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Big Ten Point Guard Title Belt: Update #1

Posted by Brendan Brody on January 28th, 2015

On January 10, the B1G point guard title belt was introduced in an effort to determine (unofficially) which player is the best floor general in the league. Since then, a series of injuries and inconsistent play have resulted in the mythical belt already changing hands four times. Volatility is enhanced by the fact that one-game sample sizes lend themselves to frequent changes, but only one player has been able earn the belt and keep it. Here’s a brief rundown on how the belt changed hands over the past couple of weeks and which point guard presently holds the title.

After taking over the primary point guard responsibilities from the injured Traveon jackson, Bronson Koenig has been solid. (AP)

After taking over the primary point guard responsibilities from the injured Traveon jackson, Bronson Koenig has been solid. (AP)

  • January 10: Michigan 62, Minnesota 57. In his first game as the belt-holder, Minnesota’s Deandre Mathieu struggled to the tune of a disastrous individual offensive rating of 30.0 — going scoreless and turning the ball over five times in 29 minutes. Meanwhile, Michigan’s Derrick Walton, Jr went 3-of-4 from behind the arc en route to a 15-point performance. The sophomore only notched three assists against two turnovers, but his 136.0 offensive rating was the highest on his team in the victory.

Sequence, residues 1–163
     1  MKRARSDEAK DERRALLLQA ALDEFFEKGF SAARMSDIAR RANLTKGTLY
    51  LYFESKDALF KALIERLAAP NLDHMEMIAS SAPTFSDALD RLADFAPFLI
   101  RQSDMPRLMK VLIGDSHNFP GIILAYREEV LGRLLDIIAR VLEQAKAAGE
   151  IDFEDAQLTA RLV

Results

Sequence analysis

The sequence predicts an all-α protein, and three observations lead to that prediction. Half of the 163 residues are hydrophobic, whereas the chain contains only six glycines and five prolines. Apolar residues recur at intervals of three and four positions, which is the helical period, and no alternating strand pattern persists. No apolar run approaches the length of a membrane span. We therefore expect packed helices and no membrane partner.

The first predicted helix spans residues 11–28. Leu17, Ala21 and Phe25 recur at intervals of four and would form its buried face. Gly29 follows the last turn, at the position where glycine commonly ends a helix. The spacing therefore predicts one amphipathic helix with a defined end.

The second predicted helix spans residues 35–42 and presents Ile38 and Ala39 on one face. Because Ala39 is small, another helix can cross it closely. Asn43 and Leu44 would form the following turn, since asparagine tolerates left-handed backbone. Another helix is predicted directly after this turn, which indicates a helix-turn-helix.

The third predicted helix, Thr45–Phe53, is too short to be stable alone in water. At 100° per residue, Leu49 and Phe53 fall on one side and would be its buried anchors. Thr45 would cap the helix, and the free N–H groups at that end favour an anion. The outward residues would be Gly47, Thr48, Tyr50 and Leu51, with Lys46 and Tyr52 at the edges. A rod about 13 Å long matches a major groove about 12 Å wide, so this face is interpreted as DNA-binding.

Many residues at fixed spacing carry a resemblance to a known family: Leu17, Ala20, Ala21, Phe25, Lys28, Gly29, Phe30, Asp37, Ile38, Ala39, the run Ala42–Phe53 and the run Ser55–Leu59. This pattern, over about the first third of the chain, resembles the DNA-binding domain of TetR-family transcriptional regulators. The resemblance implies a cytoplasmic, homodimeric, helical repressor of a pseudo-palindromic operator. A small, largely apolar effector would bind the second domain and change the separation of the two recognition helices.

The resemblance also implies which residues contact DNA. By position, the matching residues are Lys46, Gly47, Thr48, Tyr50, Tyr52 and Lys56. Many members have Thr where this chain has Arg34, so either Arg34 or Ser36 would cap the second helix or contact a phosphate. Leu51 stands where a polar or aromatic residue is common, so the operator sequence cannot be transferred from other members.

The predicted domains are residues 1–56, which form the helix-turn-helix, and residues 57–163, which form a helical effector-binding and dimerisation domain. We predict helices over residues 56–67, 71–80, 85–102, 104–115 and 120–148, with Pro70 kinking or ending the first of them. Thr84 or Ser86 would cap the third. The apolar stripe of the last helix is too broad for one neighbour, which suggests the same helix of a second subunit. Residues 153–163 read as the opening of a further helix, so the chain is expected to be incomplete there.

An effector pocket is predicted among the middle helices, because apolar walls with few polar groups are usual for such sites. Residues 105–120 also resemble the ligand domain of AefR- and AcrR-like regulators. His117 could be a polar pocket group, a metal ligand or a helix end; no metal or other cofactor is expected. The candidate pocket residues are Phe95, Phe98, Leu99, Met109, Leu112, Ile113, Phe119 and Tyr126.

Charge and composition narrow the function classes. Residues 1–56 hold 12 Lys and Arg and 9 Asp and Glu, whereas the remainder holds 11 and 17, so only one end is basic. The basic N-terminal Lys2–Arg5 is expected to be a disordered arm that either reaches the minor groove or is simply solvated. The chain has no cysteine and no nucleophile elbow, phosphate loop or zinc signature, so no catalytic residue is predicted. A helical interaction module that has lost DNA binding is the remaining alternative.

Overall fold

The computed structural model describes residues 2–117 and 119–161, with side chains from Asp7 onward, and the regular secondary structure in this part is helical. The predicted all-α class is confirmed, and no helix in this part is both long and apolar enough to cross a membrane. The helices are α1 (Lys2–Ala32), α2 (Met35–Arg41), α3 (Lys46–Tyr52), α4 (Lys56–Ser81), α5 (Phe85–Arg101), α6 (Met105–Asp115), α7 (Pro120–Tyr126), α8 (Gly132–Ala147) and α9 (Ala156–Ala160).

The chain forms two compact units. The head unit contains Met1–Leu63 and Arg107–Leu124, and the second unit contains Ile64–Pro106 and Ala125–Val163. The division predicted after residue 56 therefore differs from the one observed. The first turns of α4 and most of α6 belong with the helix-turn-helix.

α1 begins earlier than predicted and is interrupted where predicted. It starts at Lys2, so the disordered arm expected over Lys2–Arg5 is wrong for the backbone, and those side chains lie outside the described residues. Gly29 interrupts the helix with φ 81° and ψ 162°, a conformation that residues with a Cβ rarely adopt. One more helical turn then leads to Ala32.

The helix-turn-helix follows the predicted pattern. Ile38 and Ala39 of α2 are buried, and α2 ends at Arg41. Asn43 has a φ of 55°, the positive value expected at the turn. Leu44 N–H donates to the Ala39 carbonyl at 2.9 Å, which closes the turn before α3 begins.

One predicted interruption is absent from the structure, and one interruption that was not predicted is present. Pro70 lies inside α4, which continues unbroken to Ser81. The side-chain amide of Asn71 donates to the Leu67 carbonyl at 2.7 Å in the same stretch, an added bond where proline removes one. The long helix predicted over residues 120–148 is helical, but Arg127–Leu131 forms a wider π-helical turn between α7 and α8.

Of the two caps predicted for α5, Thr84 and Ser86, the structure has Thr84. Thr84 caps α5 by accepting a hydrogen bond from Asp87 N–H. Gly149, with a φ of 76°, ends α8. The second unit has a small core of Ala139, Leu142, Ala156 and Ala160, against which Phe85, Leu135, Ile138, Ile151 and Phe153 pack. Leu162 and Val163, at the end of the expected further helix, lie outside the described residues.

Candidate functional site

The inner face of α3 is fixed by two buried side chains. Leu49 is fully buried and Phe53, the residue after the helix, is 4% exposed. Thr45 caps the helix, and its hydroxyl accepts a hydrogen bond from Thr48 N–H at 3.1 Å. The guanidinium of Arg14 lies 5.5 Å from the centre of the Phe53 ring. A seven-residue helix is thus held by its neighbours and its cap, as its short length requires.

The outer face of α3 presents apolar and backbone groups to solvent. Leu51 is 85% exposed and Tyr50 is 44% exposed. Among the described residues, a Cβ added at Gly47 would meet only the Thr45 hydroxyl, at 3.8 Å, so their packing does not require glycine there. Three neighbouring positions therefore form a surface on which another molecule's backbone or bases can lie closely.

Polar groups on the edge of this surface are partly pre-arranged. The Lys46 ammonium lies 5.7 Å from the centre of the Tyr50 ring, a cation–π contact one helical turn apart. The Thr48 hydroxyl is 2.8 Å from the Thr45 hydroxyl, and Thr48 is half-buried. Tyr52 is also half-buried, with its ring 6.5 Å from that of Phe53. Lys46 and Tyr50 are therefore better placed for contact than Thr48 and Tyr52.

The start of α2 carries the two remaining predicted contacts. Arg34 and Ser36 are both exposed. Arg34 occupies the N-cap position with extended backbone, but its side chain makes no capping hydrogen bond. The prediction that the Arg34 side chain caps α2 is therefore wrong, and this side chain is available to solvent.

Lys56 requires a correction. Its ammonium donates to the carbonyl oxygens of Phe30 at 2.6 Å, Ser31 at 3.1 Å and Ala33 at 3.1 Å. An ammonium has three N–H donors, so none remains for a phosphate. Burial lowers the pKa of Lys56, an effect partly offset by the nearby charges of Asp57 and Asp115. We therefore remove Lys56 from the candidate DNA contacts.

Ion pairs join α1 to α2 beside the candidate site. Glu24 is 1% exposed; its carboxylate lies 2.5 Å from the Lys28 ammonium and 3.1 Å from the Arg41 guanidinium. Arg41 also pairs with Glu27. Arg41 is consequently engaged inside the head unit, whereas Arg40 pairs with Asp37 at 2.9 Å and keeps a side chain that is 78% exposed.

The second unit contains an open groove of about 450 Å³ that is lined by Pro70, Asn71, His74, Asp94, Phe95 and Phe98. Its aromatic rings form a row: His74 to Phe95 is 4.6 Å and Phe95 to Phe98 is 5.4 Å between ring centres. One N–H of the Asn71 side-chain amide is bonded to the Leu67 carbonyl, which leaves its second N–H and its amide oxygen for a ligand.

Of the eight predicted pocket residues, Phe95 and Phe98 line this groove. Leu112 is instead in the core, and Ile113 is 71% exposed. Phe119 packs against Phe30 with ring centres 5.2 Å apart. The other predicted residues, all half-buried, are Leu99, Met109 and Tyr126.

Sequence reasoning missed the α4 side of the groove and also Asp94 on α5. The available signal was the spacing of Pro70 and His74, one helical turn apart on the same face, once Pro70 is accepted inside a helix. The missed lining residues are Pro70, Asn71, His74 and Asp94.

• January 13: Ohio State 71, Michigan 52. Walton’s reign at the top was a short one, as Ohio State convincingly beat the Wolverines in their Super Tuesday match-up in Columbus. The Buckeyes’ Shannon Scott notched seven points and eight assists to go along with only one turnover, and even though he didn’t shoot the ball very well (3-of-9 from the field), he outplayed Walton, who posted a dismal offensive rating of 43.0 with two points (1-of-7 shooting) and two assists.

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Big 12 M5: 01.28.15 Edition

Posted by Chris Stone on January 28th, 2015

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  1. Texas once again struggled on Monday in an 89-86 loss at Iowa State. The Longhorns trailed by double digits for the majority of the game, but mounted a furious second half comeback that included hitting 10 three-pointers. The story of the game, though, was the failure of the Longhorns’ zone defense. Iowa State led by 11 at the end of the first half by using Georges Niang at the free throw line to consistently break down the zone. Texas has a massive front line, but when their bigs are slow in rotation, it creates open looks for opponents at the rim. Although the zone was effective in non-conference play, Big 12 opponents are scoring 100.9 points per 100 possessions against the Longhorns so far.